The Tribunal stated that an individual should not have to tolerate some “unknown level” of discrimination before being afforded the protection of the Act. The Tribunal found that a prima faciecase had been established: the CBSA engaged in a discriminatory and arbitrary practice in the course of employment that adversely differentiated Johnstone on the basis of her family status.
NOT A BONA FIDE OPERATING REQUIREMENT
Pursuant to the Supreme Court of Canada’s seminal decision in Meiorin, once it is established that a workplace standard is prima facie discriminatory, the onus shifts to the employer to prove that the impugned standard is a bona fideoperating requirement (a “BFOR”). The test from Meiorinrequires an employer to establish on a balance of probabilities the following three requirements:
- that the employer adopted the standard for a purpose rationally connected to the performance of the job;
- that the employer adopted the particular standard in an honest and good faith belief that it was necessary to the fulfillment of that legitimate work-related purpose; and
- that the standard is reasonably necessary to the accomplishment of that legitimate work-related purpose. To show that the standard is reasonably necessary, it must be demonstrated that it is impossible to accommodate the individual employees sharing the characteristics of the claimant without imposing undue hardship upon the employer.
The Tribunal expanded on the concept of “undue hardship” by citing the decision in Council of Canadians with Disabilities v. Via Rail Canada Inc. (S.C.C. – 2007):
…undue hardship is reached when reasonable measures of accommodation are exhausted and only unreasonable or impracticable options for accommodation remain.
The CBSA attempted to establish undue hardship by presenting evidence that suggested that the accommodation of Johnstone would open the floodgates to such requests, and that half of the employees at Pearson International Airport would seek similar accommodation. The Tribunal rejected this defence stating that “impressionistic evidence of increased expense will not generally suffice” in establishing undue hardship. It noted that other than what was submitted in preparation of the hearing, “no analysis has been done, no scientific study undertaken, no consultants brought in to look at accommodation issues…”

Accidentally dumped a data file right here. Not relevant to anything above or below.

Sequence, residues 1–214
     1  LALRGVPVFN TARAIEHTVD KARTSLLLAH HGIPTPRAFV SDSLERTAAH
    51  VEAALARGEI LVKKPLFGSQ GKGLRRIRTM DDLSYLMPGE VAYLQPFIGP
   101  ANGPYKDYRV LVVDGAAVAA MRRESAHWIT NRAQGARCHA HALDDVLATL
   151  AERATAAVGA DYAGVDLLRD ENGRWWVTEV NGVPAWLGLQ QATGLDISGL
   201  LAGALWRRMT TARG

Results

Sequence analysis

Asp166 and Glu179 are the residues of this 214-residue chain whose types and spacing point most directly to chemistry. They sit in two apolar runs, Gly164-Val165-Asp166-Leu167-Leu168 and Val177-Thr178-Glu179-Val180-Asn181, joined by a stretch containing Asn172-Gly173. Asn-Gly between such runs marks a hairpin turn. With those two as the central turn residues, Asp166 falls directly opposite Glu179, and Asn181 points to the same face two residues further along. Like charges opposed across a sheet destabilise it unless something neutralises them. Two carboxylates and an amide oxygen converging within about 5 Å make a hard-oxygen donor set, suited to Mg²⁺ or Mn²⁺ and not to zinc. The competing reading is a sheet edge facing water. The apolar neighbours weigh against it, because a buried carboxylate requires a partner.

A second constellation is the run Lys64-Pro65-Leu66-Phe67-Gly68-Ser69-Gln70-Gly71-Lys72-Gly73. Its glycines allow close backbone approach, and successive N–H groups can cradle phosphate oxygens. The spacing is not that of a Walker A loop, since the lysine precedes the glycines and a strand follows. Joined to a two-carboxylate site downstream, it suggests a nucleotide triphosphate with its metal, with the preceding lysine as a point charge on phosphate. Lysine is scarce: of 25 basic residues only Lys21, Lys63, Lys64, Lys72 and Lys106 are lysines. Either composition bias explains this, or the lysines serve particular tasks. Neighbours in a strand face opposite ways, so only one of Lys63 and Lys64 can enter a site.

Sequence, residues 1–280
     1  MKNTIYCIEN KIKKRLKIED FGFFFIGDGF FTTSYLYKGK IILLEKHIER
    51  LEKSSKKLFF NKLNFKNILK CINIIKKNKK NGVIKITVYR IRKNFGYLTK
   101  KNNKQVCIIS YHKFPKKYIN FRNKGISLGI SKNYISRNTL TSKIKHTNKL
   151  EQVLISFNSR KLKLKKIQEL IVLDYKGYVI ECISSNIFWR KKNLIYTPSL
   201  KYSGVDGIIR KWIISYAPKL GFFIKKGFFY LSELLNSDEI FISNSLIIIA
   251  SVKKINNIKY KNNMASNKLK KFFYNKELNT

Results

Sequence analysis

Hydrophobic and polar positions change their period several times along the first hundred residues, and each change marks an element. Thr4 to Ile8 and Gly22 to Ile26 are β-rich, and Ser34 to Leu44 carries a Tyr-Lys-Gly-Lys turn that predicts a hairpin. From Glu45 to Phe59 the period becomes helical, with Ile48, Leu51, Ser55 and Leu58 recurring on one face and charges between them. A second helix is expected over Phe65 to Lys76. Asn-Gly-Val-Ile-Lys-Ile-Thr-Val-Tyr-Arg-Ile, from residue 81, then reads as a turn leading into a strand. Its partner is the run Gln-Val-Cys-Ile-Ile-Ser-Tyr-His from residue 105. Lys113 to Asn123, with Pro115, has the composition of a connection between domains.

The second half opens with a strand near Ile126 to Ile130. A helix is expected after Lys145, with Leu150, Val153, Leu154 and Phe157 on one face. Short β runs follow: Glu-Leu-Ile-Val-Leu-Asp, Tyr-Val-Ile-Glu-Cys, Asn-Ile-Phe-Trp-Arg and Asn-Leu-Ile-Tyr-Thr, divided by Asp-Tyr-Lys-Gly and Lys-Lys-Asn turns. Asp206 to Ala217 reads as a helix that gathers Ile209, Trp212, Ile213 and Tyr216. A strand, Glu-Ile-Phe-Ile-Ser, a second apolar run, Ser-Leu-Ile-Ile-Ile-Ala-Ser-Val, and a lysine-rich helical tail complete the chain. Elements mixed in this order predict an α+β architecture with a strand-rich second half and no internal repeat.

In the absence of any evidence to the contrary, the Tribunal found that the CBSA could not establish that its discriminatory practice was a BFOR, or that accommodating Johnstone would create undue hardship. It awarded Johnstone lost wages and benefits from January of 2004. In addition, the Tribunal awarded Johnstone $15,000 for damages for pain and suffering, as well as special compensation in the amount of $20,000 for the CBSA’s willful and reckless conduct.
In our view
The decision in Johnstone provides much needed clarity in respect of an employer’s legal obligation to accommodate the child care obligations of employees. These obligations are protected under the Act (as well as the provincial Human Rights Codes) under “family status”. Employers should develop policies for addressing requests for accommodation for child care obligations. Although the policies will assist the employer in addressing the accommodation requests consistently, it is also important for employers to address each request for accommodation on an individual basis. Both Johnstone and CBSA have filed applications for judicial review.For further information, please contact Jennifer Birrell at (613) 940-2740.